Unboxing, first impressions, and 300 mile followup for Rol Wheel's Volant/RT
For the write up on why I chose Rol Wheels over the many other custom and commercial options for wheels, see my original post My experience as a newbie cyclist buying his first set of non stock wheels..
Though packed in nothing but cardboard, the wheels were well protected and secure. It couldn't have withstood a pallet of cinder blocks being dropped on them or anything, but appeared perfectly suitable for normal shipping bumps and bangs.
The wheels themselves looked absolutely sexy. Polished with nice looking decals. A quick ping test on spoke tension gave an equal tone for all spokes. I didn't put them up on a truing rack right off the bat, but a visual check on the mounted wheels didn't indicate any warping. In hindsight, I should have driven them up to the shop if only for a reference on the 300 mile followup. As others have mentioned on many of the Rol Wheels reviews on roadbikereview.com, the only negative as far as construction might be the plastic pokers for the hubs. But, in my book, this is a minor detail.
Well, of course the real test of a new wheel set is when they're doing what their meant to do...rolling! And I couldn't have had a better impression of the Volants at that task. They spin up well and corner great. Now, as I mentioned in my original post I'm a newbie so I'm likely not pushing the absolute limits of my bike. However, I did seem to notice a difference between the Volants and my stock Mavic Open Sport's with shimano 105 hubs. They seemed to hold the line a bit better without flex on tight turns. It could all be in my head or maybe I was just really trying to push the new wheels and just got more out of them because of that. Bottom line is, no dissappointment on that front.
The only possible negative to the wheels is the hubs are of the noisy variety when freewheeling. It doesn't bother me, but if such things do bother you it's something to take into consideration. Personally, in some ways I even like it. The only time I freewheel is when I'm slowing for other riders or pedestrians on bike paths and the audible click usually lets them know I've rolled up behind them. However, the noise is low enough to be drowned out by the wind for the most part.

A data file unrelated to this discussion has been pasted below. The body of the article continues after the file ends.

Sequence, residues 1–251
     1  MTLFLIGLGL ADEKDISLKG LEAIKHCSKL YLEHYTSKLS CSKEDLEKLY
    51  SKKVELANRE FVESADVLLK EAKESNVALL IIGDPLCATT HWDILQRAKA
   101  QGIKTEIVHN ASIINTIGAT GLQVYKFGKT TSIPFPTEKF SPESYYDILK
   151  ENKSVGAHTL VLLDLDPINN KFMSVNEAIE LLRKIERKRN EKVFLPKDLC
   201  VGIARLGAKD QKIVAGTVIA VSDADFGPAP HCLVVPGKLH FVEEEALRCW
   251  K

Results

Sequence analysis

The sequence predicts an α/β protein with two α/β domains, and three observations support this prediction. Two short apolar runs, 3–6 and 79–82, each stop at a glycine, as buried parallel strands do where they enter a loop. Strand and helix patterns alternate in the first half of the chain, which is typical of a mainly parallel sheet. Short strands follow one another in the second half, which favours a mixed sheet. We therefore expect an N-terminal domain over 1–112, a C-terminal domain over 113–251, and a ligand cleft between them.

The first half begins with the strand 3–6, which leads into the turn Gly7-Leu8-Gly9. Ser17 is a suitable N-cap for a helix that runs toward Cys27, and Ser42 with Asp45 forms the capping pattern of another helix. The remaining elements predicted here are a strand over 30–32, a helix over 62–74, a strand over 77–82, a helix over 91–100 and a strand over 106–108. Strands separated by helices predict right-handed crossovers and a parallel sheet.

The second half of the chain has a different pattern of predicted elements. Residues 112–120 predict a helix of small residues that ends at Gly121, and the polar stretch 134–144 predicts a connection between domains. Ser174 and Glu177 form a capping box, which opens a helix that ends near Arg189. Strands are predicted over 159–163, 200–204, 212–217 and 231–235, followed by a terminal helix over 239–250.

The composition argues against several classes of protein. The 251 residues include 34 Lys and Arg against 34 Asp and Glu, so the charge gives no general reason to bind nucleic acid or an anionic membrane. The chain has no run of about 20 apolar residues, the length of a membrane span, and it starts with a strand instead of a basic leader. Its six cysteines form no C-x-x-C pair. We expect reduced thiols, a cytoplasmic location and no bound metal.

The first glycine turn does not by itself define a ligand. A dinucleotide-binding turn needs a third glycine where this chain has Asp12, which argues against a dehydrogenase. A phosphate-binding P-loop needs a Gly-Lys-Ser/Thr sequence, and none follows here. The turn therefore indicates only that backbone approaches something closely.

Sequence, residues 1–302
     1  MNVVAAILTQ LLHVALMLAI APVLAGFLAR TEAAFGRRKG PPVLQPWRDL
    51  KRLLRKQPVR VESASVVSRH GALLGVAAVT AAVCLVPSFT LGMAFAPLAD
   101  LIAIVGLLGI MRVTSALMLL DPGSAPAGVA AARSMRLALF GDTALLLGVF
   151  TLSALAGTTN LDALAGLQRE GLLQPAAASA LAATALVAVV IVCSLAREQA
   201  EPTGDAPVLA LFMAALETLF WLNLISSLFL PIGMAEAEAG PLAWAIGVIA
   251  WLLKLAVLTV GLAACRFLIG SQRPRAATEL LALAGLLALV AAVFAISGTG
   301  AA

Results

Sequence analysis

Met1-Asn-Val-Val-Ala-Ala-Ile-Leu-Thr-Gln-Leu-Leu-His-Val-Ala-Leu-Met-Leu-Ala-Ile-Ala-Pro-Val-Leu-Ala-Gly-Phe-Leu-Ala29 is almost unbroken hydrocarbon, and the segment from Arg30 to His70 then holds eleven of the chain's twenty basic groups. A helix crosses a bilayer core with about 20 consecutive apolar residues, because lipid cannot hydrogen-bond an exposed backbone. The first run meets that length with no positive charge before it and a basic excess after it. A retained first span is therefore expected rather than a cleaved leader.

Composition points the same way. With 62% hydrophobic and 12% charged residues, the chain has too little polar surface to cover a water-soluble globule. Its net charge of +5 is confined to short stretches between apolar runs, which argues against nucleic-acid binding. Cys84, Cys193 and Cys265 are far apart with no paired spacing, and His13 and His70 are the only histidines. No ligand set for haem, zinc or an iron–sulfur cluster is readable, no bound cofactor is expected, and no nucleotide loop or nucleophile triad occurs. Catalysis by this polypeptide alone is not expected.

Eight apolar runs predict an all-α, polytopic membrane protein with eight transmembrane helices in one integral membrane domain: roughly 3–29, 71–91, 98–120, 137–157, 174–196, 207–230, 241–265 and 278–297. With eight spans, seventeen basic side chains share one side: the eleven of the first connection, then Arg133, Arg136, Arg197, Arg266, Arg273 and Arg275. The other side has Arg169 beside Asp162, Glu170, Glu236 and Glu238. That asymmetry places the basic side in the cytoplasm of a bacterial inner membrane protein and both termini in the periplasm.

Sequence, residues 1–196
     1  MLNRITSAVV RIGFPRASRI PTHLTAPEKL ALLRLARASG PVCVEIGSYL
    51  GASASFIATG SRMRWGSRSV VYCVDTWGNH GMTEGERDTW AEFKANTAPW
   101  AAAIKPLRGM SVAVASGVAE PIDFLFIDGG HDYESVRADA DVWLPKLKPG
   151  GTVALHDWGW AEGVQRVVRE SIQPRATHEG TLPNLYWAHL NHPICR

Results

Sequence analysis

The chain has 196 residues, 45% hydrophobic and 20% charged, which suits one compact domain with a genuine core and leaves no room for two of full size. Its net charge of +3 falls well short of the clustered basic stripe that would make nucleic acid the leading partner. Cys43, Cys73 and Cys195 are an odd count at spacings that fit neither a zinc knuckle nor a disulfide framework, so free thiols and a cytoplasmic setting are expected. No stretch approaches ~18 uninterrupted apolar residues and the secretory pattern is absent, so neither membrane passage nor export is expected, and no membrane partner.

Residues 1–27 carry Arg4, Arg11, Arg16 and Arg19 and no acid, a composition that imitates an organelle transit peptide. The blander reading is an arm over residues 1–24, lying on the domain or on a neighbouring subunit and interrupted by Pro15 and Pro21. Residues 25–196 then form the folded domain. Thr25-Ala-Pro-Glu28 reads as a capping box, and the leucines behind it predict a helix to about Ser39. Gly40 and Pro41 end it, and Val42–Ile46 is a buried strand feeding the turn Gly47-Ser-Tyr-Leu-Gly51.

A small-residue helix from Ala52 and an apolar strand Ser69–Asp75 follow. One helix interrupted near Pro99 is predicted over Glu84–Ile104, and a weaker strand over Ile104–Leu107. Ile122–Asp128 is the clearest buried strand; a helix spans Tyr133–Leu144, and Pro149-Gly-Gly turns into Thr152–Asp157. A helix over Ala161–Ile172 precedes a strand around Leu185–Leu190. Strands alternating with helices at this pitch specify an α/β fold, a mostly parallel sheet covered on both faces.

The 300 Mile Followup
To make one thing clear off the bat, after 300+ miles of riding I don't expect a new set of wheels to remain true. . . even if they've been pre-stressed. You should always do a followup check on your new wheels to make sure they held tru after teh first few weeks of riding. As such, none of the adjustments I note below in the followup should be taken as a slight against the quality of Rol Wheels.
After approximately 300 to 400 miles of road time, I brought the wheels into my local bike coop Bikerowave, free to all Santa Monica College students! While there I threw the wheels up on a truing stand.
The rear wheel had become dished toward the side with the shorter spoke angle. One thing I found odd is that it was perfectly dished, by which I mean they were evenly dished arround the entire wheel. This is something that the naked eye likely wouldn't catch on a quick spin check unless you were paying close attention to the spacing between the wheel and the rear fork near the bottom bracket. This is why I wished I'd taken the time to bring them to the shop out of the box to see if they came from the factory like that. If they had, it may be an indication that one of Sean's truing stands is dished. However, it's not a big deal to correct which is exactly what I did with a few 1/4 turns around the circumference of the wheel.
The front wheel was still very, very close to tru. I tightened it up a bit bringing it to within 1mm which is good enough for government work.
So, the final verdict is I'm very happy with the new wheel set. If given the choice to do over I'd make the same decision. The weight to price to performance ratio is stellar and when I called with questions Sean, the owner, was very responsive (picked up on the first ring).